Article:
We ate a full roll of Mentos. Well, I did. You ate two when I asked out of obligation, but I didn’t ask again. Maybe the peppermint got to me, or maybe it was the fact that I always feel like I don’t belong, but I started to cry. You patted my back and said all the right things.
Once I had dried off and wrung myself out, things were back to normal. We watched two episodes of a 44 minute tv show, which was exactly long enough for me to calm down, forget, and remember again. “Maybe you should see a doctor…” The six words no one wants to hear. My face contorted, softened, and then began looking for an escape route. I chuckled and said, “Probably”. I’ve never gotten past probably.
The hum of the ventilation fan kicks my muscle memory into overdrive. Turning the knob until my wrist faces directly up, I watch the water spill out and contemplate all the lackluster showers I’ve taken in the last year and a half. I step in and immediately jump out, dodging water that seems hotter than Hades. Scalded and confused, I bathe and exit with flushed skin that I no longer seem to enjoy.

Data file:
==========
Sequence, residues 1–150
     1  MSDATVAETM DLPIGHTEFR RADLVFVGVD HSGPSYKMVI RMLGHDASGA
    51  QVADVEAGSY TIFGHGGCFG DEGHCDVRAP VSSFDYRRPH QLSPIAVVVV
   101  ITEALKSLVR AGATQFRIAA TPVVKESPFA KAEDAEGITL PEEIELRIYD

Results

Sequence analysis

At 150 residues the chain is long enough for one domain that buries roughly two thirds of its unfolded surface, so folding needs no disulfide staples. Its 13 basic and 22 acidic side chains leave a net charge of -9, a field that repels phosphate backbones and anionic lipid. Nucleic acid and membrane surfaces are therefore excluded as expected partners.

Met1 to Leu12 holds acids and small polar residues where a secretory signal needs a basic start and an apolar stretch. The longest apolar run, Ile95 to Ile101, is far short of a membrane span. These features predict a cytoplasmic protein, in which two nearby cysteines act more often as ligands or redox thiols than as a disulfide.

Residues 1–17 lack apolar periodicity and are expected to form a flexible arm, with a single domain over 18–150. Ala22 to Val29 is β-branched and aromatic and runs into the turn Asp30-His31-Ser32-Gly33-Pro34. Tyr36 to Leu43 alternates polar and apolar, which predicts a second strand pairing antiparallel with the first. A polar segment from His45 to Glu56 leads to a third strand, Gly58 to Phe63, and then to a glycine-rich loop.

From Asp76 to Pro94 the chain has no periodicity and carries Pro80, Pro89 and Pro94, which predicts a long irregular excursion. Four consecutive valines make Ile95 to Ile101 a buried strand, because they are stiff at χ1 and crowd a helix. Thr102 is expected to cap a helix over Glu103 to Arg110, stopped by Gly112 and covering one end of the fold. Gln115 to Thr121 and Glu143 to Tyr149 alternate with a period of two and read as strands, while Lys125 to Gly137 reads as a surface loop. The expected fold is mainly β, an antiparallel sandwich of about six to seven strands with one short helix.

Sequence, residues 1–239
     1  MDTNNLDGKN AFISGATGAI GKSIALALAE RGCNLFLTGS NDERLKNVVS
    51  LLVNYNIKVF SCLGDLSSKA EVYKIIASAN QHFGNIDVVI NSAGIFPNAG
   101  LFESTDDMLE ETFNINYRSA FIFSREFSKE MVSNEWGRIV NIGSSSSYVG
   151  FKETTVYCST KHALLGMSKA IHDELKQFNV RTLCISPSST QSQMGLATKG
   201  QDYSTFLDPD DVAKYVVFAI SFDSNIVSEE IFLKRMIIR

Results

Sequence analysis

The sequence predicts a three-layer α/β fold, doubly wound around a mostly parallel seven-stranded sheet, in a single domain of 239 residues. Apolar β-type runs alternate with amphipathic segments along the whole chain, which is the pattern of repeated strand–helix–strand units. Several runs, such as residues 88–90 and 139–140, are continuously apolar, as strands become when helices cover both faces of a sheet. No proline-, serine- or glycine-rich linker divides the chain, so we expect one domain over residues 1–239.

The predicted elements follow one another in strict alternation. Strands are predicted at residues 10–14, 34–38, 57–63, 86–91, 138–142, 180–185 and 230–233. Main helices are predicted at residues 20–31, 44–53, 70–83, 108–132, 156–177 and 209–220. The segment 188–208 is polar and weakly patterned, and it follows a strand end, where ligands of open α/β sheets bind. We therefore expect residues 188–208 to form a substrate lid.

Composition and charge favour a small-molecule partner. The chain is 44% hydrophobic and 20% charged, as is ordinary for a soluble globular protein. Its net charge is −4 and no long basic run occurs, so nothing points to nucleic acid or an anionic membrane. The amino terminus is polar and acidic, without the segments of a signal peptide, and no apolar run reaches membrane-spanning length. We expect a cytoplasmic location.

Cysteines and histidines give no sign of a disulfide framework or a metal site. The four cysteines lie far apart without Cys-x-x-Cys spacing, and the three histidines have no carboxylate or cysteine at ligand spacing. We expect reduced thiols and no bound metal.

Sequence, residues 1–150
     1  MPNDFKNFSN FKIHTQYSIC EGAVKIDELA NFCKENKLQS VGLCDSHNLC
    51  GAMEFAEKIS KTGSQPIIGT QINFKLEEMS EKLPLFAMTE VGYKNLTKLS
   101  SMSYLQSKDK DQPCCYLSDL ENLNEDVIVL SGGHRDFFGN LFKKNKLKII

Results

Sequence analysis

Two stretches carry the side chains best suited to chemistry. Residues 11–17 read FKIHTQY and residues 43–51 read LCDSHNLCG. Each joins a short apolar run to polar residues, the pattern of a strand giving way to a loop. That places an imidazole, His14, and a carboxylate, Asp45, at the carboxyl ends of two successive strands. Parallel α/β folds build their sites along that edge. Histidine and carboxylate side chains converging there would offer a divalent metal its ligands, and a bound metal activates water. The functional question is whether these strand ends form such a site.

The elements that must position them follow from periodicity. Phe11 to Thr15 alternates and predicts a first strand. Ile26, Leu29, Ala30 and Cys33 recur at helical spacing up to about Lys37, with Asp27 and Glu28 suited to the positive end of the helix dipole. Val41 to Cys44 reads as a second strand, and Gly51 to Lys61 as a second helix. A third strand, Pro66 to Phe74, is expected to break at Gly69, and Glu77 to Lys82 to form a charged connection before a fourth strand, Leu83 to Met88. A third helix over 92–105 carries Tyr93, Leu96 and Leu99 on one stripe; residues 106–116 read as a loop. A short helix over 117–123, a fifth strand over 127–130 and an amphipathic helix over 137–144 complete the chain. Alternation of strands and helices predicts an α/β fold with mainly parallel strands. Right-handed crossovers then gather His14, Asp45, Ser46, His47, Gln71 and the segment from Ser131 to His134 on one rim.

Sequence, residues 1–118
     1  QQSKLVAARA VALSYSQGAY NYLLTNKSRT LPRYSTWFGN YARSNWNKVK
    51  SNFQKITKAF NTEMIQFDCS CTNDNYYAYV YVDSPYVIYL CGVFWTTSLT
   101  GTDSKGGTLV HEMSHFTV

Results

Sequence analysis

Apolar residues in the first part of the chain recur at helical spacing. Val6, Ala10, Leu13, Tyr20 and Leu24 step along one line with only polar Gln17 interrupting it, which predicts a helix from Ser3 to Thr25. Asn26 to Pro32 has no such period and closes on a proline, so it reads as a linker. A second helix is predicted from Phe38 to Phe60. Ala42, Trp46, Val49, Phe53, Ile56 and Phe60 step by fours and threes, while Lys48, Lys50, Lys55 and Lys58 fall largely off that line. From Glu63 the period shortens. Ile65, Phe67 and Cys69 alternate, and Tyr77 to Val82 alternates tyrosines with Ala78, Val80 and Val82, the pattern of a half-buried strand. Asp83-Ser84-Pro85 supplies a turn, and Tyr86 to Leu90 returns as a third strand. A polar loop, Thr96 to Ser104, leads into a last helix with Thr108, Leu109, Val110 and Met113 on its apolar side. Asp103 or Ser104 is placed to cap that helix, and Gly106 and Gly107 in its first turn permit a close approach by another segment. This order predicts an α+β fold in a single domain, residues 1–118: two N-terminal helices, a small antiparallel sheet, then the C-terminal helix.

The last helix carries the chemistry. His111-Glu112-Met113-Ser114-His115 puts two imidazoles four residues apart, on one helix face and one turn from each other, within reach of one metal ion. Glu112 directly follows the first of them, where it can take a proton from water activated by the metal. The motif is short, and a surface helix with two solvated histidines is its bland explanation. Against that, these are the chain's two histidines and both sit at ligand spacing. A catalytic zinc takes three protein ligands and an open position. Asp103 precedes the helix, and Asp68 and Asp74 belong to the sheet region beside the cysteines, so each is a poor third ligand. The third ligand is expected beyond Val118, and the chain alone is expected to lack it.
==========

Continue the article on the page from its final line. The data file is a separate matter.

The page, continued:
Usually, I find solace in bed after a long day. Cotton sheets, which I no longer use, now seem more like a restraint. My back sinks into the pillow top and aches for a firmer surface. As I lay awake in the only home I’ve ever known, my mind wanders to a sad thought. When does home stop being home?
I grew up in this single story, middle class masterpiece. Before this, I was in the womb. I had never been on my own or even dreamt that I might flourish somewhere else. The funny thing is, I didn’t realize how well I was doing until I came back. I didn’t realize how much I had changed. I like cold showers, firm beds, and honest friends now. People don’t walk all over me anymore, and I’m beginning to learn to walk on my own. If I feel strong, loved, and there’s a Whole Foods down the street, I’m at home.